Voices, The Peoples News No. 2023-03-16

Voices, The Peoples News

March 16, 2023
Published by Jedi Selman Since March 2000 to Inform and Educate

~ ~ ~ ~ ~ ~ ~ ~ ~ ~ ~ ~ ~ ~ ~ ~ ~ ~~ ~ ~~ ~ ~ ~ ~ ~~ ~ ~ ~ ~ ~ ~ ~ ~~ ~ ~
~ ~ ~ ~ ~ ~ ~ ~ ~ ~ ~ ~ ~ ~ ~ ~ ~ ~~ ~ ~ ~ ~ ~ ~ ~ ~~ ~ ~ ~ ~ ~ ~ ~ ~~ ~ ~
This daily Voices, The Peoples News is posted through the blog function of www.MPEN-Ohio.net

# Indigenous
Supreme Court case could reshape Indigenous water rights in the Southwest: After 50 years, the government hasn’t developed water infrastructure owed to a Navajo Nation farm. Now the Supreme Court is set to weigh in on the government’s water obligations to tribes.

Understanding the Willow project as part of a larger trend: energy colonialism: Five decades ago, the late Navajo Nation President Peterson Zah described America’s ‘power madness.’ “The formula is very simple and politically sound: Indian land, Indian coal and Indian water will generate Indian power. The power will be shipped across Indian lands to Albuquerque, Phoenix and Los Angeles. The cities will get more and more power at no cost to their environment. The result will be Indian pollution. But why should Indians be forced to suffer the consequences of the American public’s power madness? If the cities must have more power, let them put up with the filth which their power greed produces.”

The bid to block copper mining at Oak Flat: U.S. Rep. Raúl Grijalva, D-Ariz., introduced a bill this month that would block a global corporation’s plans to mine a giant copper deposit under Chi’chil Biłdagoteel, or Oak Flat, a granite-boulder-studded plateau in Arizona. The proposed mining would cause the land to subside dramatically, reducing Oak Flat, the ancestral homeland of several Southwestern tribal nations and the traditional location of San Carlos Apache coming-of-age ceremonies, to nothing more than a vast crater.

Federal appeals court denies Apache Stronghold’s bid to stop a copper mine at Oak Flat: A federal court has denied a bid by the grassroots group Apache Stronghold to halt the construction of a giant copper mine at Oak Flat Campground, a project that would obliterate a site held to be sacred by many Apaches and other Southwestern tribal members.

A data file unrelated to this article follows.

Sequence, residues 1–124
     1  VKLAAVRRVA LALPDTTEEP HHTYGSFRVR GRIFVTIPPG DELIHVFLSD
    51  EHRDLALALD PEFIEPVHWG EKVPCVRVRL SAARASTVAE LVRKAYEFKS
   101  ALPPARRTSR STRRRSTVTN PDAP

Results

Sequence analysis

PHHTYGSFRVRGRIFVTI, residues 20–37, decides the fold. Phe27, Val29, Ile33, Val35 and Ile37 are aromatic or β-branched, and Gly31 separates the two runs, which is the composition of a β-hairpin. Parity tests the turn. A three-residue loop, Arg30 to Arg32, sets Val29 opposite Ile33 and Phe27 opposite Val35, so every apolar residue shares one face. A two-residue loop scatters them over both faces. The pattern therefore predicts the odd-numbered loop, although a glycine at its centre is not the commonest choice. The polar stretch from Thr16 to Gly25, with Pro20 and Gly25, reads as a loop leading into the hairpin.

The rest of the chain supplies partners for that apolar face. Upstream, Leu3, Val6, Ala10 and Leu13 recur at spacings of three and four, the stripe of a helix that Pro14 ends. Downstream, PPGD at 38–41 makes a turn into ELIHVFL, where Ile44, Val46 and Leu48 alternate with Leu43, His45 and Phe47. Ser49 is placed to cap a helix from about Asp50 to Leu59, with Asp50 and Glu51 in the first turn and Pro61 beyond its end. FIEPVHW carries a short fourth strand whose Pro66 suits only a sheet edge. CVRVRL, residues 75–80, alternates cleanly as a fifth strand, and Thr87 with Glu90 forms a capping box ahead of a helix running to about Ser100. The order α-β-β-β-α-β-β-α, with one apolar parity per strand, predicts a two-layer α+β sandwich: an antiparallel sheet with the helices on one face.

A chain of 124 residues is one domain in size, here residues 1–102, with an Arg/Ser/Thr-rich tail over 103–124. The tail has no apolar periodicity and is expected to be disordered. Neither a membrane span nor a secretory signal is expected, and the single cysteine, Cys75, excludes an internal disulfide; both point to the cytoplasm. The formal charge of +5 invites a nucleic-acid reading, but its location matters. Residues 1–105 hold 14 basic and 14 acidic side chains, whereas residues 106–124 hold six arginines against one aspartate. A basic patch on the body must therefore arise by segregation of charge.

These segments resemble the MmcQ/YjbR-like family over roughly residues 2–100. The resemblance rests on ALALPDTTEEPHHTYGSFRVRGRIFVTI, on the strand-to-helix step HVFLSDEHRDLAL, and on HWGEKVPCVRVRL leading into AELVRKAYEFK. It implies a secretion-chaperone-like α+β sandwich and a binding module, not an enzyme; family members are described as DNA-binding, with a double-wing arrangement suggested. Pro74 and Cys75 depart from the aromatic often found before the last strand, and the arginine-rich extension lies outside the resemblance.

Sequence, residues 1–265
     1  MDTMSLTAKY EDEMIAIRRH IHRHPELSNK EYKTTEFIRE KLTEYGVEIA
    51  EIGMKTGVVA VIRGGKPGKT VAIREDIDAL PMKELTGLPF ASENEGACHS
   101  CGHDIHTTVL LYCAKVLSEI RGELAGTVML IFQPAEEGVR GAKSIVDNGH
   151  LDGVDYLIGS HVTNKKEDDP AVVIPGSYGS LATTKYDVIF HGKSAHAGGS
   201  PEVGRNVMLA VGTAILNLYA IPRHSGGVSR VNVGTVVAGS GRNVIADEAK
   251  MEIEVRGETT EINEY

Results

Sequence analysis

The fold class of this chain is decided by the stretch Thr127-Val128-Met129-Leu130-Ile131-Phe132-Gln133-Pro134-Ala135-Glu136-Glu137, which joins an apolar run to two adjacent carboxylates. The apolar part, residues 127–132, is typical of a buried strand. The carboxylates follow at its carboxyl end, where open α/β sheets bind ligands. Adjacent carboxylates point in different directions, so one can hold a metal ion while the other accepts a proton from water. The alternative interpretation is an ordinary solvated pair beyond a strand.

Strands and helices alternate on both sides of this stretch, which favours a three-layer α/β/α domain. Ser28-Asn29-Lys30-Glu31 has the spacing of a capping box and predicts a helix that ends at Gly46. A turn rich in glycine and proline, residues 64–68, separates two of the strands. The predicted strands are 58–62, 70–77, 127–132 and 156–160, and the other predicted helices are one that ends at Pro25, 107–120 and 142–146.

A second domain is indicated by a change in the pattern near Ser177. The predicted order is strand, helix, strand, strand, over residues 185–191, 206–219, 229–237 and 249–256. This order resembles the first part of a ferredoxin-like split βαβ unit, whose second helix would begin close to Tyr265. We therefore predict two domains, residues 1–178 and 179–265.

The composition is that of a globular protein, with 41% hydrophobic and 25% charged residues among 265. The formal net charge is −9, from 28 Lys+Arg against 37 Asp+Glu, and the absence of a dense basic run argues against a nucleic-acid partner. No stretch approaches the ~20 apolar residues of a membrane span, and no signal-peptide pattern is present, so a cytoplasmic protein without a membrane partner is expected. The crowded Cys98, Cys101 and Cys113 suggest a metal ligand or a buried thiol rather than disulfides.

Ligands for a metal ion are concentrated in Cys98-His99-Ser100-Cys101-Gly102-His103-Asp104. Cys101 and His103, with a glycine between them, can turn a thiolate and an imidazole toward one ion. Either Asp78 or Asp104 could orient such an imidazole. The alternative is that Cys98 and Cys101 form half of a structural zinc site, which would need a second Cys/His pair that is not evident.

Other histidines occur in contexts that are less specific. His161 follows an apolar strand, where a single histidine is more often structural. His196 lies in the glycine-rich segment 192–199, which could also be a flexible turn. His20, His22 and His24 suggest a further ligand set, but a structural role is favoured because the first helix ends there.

Grijalva’s new legislation seeks to safeguard Oak Flat site from foreign-owned mining: The area is called Oak Flat, and it stretches across just over 2,400 acres of national forest land. It’s a sacred site to the San Carlos Apache Tribe and other Arizona tribes. But a last-minute piece of legislation passed in 2014 transferred it from federal control into the hands of a proposed mining operation called Resolution Copper.

The lithium boom is on. Electric vehicles run on battery power and batteries need lithium, a lot of it: Construction begins on controversial  lithium  mine in Nevada. Opponents say the Thacker Pass lithium project was rushed in the name of the green transition, even as tribes and environmental groups continue a years-long effort  to block the project. Tribes opposing the mine say the area has historical, cultural and religious importance and that it was the site of an 1865 massacre of at least 31 Paiute people. The colony is advocating for Peehee Mu’huh to be on the National Register of Historic Places. “It’s really hard to be a tribal member and see our homelands destroyed,” said Eben.

# Border / Immigration / Migrants
Texas sheriff: County ‘under siege’ with escalating border crisis: Kinney County, Texas, Sheriff Brad Coe told members of Congress on Wednesday his small rural county of less than 3,200 people “was under siege” by illegal foreign nationals “being smuggled through the county on back roads that circumvent U.S. Border Patrol checkpoints.

Over-Raided, Under Siege; U.S. immigration laws and enforcement destroy the rights of  immigrants. A report on human rights violations perpetrated against immigrant and refugee families, workers and communities in the U.S: From the Human Rights Immigrant Community Action Network – An initiative of the National Network for Immigrant and Refugee Rights, a critical overview and analysis of the trends and patterns of human rights violations being perpetrated against immigrant and refugee communities by the U.S. government, local, county and state governments, employers and private citizen groups